Archimede in Bordeaux
|Preceded by:||Archimede class|
|Succeeded by:||Liuzzi class|
|Displacement:||1,000 tonnes (984 long tons) surfaced
1,245 tonnes (1,225 long tons) submerged
|Length:||72.47 m (237 ft 9 in)|
|Beam:||6.68 m (21 ft 11 in)|
|Draft:||4.54 m (14 ft 11 in)|
|Installed power:||3,000 bhp (2,200 kW) (diesels)
1,300 hp (970 kW) (electric motors)
2 × diesel engines
2 × electric motors
|Speed:||17.3 knots (32.0 km/h; 19.9 mph) surfaced
8 knots (15 km/h; 9.2 mph) submerged
|Range:||9,000 nmi (17,000 km; 10,000 mi) at 7.8 knots (14.4 km/h; 9.0 mph) surfaced
90 nmi (170 km; 100 mi) at 4 knots (7.4 km/h; 4.6 mph) submerged
|Test depth:||80 m (260 ft)|
|Armament:||8 × 533 mm (21 in) torpedo tubes (4 bow, 4 stern)
1 × 100 mm (3.9 in) deck gun
2 × twin 13.2 mm (0.52 in) anti-aircraft guns
Design and description
The Brin-class submarines were improved versions of the preceding Archimede class. Two boats were replacements for submarines of that class that were secretly transferred to the Nationalists during the Spanish Civil War in 1937. They displaced 1,000 metric tons (980 long tons) surfaced and 1,254 metric tons (1,234 long tons) submerged. The submarines were 72.47 meters (237 ft 9 in) long, had a beam of 6.68 meters (21 ft 11 in) and a draft of 4.54 meters (14 ft 11 in). The class was partially double hulled.
For surface running, the boats were powered by two 1,500-brake-horsepower (1,119 kW) diesel engines, each driving one propeller shaft. When submerged each propeller was driven by a 550-horsepower (410 kW) electric motor. They could reach 17.3 knots (32.0 km/h; 19.9 mph) on the surface and 7.8 knots (14.4 km/h; 9.0 mph) underwater. On the surface, the Brin class had a range of 9,000 nautical miles (17,000 km; 10,000 mi) at 8 knots (15 km/h; 9.2 mph), submerged, they had a range of 90 nmi (170 km; 100 mi) at 4 knots (7.4 km/h; 4.6 mph).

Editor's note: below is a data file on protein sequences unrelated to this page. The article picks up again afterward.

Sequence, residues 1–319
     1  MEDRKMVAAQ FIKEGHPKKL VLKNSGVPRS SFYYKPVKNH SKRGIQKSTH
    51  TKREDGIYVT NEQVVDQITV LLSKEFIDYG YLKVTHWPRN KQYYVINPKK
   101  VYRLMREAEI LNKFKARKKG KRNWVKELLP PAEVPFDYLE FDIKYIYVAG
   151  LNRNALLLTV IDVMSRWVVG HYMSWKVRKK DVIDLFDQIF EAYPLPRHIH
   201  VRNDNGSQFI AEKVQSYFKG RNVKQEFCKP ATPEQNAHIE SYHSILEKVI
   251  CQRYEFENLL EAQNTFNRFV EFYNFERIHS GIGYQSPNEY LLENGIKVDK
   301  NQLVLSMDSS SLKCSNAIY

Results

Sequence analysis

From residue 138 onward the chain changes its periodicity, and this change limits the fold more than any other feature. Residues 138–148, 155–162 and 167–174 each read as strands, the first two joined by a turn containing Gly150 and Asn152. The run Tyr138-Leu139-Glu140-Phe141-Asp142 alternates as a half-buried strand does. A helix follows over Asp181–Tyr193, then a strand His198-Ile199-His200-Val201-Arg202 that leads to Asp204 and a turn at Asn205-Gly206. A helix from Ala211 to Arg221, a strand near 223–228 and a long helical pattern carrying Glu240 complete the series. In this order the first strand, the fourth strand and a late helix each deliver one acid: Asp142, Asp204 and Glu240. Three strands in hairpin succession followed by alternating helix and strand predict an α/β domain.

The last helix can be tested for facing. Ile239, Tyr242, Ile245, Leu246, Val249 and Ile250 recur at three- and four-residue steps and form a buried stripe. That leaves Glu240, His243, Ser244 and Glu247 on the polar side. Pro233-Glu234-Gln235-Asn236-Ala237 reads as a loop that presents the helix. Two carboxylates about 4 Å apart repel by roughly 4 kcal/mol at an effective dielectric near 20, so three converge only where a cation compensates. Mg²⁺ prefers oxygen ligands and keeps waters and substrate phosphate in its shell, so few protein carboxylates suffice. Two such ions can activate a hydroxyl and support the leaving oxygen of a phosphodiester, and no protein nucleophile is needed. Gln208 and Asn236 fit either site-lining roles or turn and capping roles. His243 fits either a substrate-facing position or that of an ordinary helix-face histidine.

The boats were armed with eight internal 53.3 cm (21.0 in) torpedo tubes, four each in the bow and stern. They carried a total of 14 torpedoes. They were also armed with one 100 mm (3.9 in) deck gun for combat on the surface. The gun was initially mounted in the rear of the conning tower, but this was re-sited on the forward deck later in the war in the surviving boats and the large conning tower was re-built to a smaller design. The light anti-aircraft armament consisted of one or two pairs of 13.2 millimeters (0.52 in) machine guns.
|Brin||Benedetto Brin||3 April 1938||Surrendered to the Allies in 1943, discarded Feb 1948|
|Galvani||Luigi Galvani||22 May 1938||Sunk by British sloop HMS Falmouth near Persian Gulf 26 June 1940|
|Guglielmotti||5 March 1939||Sank the Greek cargo ship Atlas in the Red Sea on 6 September 1940. Torpedoed by HMS Unbeaten 17 March 1942|
|Archimede||Archimedes||5 March 1939||Escaped from East Africa in 1941 to Bordeaux, Sunk by US Navy Catalina flying boat off Brazil 16 March 1943|
|Torricelli||Evangelista Torricelli||26 March 1939||Sunk in the Red Sea, 23 June 1940 by British destroyers HMS Kandahar, HMS Khartoum, HMS Kingston and sloop HMS Shoreham, The submarine was commanded by Salvatore Pelosi|
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- Chesneau, p. 309
- Bagnasco, p. 154
- Bagnasco, Erminio (1977). Submarines of World War Two. Annapolis, Maryland: Naval Institute Press. ISBN 0-87021-962-6.
- Chesneau, Roger, ed. (1980). Conway's All the World's Fighting Ships 1922–1946. Greenwich, UK: Conway Maritime Press. ISBN 0-85177-146-7.
- Rohwer, Jürgen (2005). Chronology of the War at Sea 1939-1945: The Naval History of World War Two (Third Revised ed.). Annapolis, Maryland: Naval Institute Press. ISBN 1-59114-119-2.